One month before the trial was set to begin in August 2023, the lead Crown prosecutor assigned to the case, Moiz Karimjee, recused himself.

According to materials filed in court, Karimjee did so after reading Lich's memoir for trial preparation, which contained "60 references to Moiz Karimjee by name, some of them defamatory."

If Karimjee prosecuted the case, it could have presented a conflict down the line were he to pursue any legal action against Lich.

Tim Radcliffe and his co-counsel were then handed the file, with a little less than a month to prepare for what would be a highly-publicized trial.

And they would have to face off against two of Ottawa's most formidable defence attorneys.

Lawrence Greenspon and Diane Magas — each with at least one additional lawyer accompanying them in court — are both veterans of Ontario courts with extensive experience across the justice spectrum.

They've been supported by fundraisers and donations, much of which continue to be funnelled through TDF and JCCF, entities with deep ties to libertarian and right-wing causes.

Lich, Barber trial slowed by delays

It's been apparent throughout the trial that there would be delays and multiple hiccups for the Crown to overcome.

The trial has extended far beyond the 16 days initially allotted, requiring Lich and Barber to travel back to Ottawa at least four times from Medicine Hat, Alta., and Swift Current, Sask., respectively since the fall.

In opening statements, prosecutors argued Barber and Lich had committed crimes, trying to establish the two as leaders who used their control and influence over supporters to break the law.

But this hinged on the premise that the protests were not at all peaceful – an assertion which prosecutors spent the early days trying to establish through videos, social media posts, police and witness testimonies.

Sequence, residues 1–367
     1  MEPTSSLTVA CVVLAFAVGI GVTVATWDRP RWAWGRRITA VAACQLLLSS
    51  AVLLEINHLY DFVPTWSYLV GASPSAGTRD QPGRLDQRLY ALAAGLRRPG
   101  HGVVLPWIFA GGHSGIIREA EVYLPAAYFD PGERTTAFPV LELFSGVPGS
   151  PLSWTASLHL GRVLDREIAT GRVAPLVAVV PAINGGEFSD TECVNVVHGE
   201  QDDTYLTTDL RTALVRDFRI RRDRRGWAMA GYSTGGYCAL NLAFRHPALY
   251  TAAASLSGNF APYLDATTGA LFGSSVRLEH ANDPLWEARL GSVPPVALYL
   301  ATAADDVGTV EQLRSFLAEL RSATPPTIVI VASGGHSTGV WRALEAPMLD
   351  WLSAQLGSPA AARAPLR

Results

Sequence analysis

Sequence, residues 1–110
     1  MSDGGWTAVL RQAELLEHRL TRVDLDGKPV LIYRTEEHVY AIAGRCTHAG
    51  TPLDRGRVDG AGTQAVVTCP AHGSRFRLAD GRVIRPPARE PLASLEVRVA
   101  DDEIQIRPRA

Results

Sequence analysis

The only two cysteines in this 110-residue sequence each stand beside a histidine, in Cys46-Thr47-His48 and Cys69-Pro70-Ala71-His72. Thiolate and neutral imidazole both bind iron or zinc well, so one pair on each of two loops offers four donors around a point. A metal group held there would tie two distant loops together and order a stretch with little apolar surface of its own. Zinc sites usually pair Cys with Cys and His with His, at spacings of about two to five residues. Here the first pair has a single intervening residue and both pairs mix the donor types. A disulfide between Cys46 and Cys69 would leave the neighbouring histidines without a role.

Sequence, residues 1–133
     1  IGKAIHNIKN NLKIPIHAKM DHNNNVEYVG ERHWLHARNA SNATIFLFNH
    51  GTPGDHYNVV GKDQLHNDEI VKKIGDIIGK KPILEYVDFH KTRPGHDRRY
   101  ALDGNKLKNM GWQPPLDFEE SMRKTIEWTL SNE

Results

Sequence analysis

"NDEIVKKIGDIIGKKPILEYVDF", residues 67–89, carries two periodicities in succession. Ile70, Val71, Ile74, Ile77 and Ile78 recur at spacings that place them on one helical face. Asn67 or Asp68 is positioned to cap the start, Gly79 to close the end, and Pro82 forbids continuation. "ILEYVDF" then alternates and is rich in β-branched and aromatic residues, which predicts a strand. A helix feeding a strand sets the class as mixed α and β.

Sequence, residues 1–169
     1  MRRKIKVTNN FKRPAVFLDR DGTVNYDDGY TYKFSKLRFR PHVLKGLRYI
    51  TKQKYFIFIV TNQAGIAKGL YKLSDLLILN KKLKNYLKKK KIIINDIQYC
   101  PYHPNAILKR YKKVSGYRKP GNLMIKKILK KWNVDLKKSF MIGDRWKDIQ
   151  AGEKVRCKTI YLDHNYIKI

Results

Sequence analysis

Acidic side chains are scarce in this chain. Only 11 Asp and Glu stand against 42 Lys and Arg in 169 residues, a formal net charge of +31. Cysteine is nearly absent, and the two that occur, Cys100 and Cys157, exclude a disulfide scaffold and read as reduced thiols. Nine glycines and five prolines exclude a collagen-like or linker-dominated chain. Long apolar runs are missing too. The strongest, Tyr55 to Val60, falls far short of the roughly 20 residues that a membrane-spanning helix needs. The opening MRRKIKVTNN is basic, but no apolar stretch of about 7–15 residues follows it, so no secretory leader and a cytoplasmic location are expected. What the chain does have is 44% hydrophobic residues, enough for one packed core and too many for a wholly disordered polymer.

Highlights include Lich's use of the infamous "hold the line" catchphrase, and Barber's exhortations to his audience to "grab that horn switch" and "let it roll as long as possible" if police tried to dislodge them.

Objections became regular occurrences, however, as lawyers for Barber and Lich tried to poke holes in the Crown's case at every turn — even picking apart choices like using the word "occupation" to describe what happened.

They attempted to show another side of the convoy: a downtown core filled with peace, love and unity — bouncy castles, pig roasts, street hockey and all.

Still, the trial soon became less about the arguments inside the courtroom and more about the stops-and-starts of the process itself.

The defence would file applications to block witnesses, to access additional disclosure, to prevent specific social media evidence from being used and to access third-party records. They found success in some instances. Other efforts were abandoned.

All of it took up valuable court time, gumming up the Crown's efforts to make a clear and concise argument against Barber and Lich.